By Hussein Adegoke
Trump is a political disruptor. His personality doesn’t tow in the laid-down ethos and ideals famous with democratic governance. The conventional politician would build castles in the air but Trump is different.
I think Donald J. Trump, the 45th American President, would go down in history as a disruptive but honourable President.
He is always the unusual politician, who speaks from the heart. I have followed him from quite some time now, since his electioneering campaigns of 2016 till date, and I have largely been thrilled by his audacity. Truly, if you care to know, only a few people like him exist in the world.
A host of people are afraid to speak their thoughts, so they keep mute always and speak their emotions to only themselves. A number of others would speak falsities and not from their truest minds, for fear of being shunned and being hit by an impatient world. I might have only consented to a little of Trump’s opinions, truly, as he’s drawn into controversies more often than not. And as a matter of factly, he is often inaccurate with his alternative facts. But the fact that I put my thoughts together on what most American truest believes are, through the “horoscope” of Trump’s sputters has endeared the man to me even more. If Trump says, for an instance, that Africa is a “shit-hole”, I could only infer that this is also the whisper of many Americans he represents; those who would speak only behind my back.
Trump is a political disruptor. His personality doesn’t tow in the laid-down ethos and ideals famous with democratic governance. The conventional politician would build castles in the air but Trump is different. I once saw or in fact, have seen him countlessly, almost getting into a fisticuff with news reporters who would be females. It was all due to his weakness in hiding his truest feelings about people. It is unfound in the world that we live that somebody was not beautiful and you would say it to her face that she is not. This is what Donald Trump’s personality represents. He dares even the chameleons. I know every one of us has been unconsciously trained to detest one form of truth or the other so that if it happens that we are confronted with some bitter truths, we are quick to dismiss those candid opinions. We crucify our truth-speaking friends who should become more bosom to us for speaking the truth. Well, It’s a different ball game entirely if these “friends” were telling some lies.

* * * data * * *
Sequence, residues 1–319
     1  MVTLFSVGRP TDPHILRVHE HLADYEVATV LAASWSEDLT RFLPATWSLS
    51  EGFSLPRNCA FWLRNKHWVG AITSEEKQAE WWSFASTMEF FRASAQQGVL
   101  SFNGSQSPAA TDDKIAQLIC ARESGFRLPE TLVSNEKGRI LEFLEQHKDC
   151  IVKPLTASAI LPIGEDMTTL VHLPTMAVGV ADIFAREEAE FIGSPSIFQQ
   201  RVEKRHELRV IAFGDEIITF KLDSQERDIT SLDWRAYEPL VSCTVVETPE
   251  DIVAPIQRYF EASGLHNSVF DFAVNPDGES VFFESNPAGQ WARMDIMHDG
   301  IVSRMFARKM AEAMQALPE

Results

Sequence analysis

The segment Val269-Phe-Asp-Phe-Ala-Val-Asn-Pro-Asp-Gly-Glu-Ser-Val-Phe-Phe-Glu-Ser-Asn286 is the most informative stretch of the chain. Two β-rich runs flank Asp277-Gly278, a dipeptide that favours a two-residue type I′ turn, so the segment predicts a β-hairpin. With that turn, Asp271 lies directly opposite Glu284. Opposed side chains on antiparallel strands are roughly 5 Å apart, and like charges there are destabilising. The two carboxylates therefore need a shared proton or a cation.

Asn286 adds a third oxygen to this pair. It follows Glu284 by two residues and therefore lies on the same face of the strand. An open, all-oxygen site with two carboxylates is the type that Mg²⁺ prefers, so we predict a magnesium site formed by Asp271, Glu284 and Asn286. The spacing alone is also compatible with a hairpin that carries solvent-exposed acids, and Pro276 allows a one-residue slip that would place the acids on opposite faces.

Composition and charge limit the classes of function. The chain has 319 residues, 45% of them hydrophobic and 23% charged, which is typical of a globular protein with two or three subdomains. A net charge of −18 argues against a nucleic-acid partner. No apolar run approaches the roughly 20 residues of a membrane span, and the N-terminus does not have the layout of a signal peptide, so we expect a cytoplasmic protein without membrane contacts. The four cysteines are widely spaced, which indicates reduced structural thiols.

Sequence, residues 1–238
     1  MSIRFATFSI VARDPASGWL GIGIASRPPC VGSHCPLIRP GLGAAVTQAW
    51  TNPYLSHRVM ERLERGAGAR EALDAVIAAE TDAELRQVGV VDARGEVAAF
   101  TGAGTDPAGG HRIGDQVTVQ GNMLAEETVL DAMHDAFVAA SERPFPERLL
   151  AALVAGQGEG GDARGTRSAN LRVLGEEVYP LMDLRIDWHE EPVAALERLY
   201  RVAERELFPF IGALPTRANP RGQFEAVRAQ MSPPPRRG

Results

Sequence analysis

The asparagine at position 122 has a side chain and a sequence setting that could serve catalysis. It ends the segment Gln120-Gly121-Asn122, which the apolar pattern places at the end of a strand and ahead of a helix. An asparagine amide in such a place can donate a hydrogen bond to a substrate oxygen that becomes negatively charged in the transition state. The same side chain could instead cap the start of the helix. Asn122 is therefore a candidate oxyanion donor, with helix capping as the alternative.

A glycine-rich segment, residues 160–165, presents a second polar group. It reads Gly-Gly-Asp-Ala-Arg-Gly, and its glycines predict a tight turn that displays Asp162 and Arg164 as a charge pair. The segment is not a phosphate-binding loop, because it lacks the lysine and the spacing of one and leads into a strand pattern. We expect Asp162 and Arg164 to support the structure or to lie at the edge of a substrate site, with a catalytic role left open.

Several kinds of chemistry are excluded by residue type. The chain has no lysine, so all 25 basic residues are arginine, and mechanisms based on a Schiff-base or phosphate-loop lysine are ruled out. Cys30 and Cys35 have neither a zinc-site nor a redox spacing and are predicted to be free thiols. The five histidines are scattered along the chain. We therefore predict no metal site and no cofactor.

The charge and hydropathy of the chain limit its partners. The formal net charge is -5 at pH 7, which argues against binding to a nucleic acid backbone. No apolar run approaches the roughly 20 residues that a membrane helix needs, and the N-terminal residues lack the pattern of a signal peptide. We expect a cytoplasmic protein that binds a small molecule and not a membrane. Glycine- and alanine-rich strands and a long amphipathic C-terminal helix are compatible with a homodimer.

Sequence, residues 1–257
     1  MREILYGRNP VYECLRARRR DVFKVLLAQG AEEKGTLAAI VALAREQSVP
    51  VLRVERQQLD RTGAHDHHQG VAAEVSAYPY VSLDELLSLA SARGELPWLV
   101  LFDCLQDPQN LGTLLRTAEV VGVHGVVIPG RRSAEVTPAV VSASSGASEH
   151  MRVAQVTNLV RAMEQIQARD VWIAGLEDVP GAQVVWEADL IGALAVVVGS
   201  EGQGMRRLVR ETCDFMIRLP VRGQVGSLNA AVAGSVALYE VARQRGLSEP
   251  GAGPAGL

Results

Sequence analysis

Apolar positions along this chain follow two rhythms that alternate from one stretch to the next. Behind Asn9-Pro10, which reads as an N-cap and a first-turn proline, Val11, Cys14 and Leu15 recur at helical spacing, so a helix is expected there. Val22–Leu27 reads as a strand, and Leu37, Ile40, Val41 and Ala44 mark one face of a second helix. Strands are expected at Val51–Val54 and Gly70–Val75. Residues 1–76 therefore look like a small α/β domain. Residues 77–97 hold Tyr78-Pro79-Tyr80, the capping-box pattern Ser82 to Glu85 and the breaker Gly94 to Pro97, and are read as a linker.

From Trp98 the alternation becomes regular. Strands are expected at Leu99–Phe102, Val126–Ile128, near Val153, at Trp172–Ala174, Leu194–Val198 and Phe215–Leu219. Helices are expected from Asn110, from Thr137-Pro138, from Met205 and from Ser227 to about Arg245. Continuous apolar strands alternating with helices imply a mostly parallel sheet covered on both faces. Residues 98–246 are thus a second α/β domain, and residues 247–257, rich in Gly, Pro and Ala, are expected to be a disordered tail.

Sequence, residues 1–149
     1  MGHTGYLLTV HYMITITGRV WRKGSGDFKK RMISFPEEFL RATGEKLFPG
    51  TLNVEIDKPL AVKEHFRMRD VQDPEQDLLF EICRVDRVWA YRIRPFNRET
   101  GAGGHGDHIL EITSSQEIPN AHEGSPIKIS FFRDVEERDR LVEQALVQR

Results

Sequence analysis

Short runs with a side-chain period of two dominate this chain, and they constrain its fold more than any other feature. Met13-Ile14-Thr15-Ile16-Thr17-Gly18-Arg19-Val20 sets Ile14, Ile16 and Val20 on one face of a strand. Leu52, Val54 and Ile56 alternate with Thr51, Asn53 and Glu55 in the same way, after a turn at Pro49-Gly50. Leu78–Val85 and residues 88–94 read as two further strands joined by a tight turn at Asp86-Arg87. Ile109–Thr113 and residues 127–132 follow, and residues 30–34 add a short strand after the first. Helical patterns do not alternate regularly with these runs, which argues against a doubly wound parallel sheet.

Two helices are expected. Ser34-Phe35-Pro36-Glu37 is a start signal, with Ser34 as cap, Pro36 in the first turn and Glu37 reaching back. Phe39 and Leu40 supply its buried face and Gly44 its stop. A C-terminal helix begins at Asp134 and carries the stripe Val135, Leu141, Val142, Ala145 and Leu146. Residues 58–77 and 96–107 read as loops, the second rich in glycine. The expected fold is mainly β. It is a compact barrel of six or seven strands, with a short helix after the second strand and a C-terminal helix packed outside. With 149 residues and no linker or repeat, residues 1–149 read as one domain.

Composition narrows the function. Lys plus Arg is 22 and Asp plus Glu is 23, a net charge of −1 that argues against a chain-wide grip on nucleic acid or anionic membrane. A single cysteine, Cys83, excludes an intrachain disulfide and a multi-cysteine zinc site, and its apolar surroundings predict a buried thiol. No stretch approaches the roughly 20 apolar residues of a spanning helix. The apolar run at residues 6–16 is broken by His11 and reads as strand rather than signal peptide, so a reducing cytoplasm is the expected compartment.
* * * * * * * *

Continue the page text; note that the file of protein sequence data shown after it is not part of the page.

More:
Several lies have been told about us, Africans and Nigerians alike, while yet we are silent and not bitter. But it took just for Donald Trump to call this place a “shit-hole” and heaven was to be let loose. Maybe anyone who would contest that “opinion” of his about us need to firstly visit the Florida and Oklahoma, the States of California and New Jersey, in the country that Trump resides and get back to the rustic city of Lagos Mainland, Nigeria, to inform us about a more factual comparison. We would need you to tell us that Trump’s remark then was only a hate speech with no single iota of truth. Please, if you can’t afford the trip, do see the movies. Oh! Sorry! Those ones would be fantasies. So, try to switch on your TV set, at least, and watch behold the fascination of Trump Towers.
One should even be fair to this POTUS even if to shut the eyes to my naturality perception. We must recognize him as a child born into opulence; an individual who would have barely troubled all through his life; and rising to become President at 71. Such personality should have no blames not in the least misrepresenting squalors for urbanism. Even Nigerians who were birthed abroad and would come home for vacations wouldn’t reconcile our epileptic power supplies with what happens in their homes of yonder. They are prone to believing that each time there was a power failure, the world was coming to an end. How then do you convince these lots, not even Trump this time, to say our place is not as the “Americans” called it?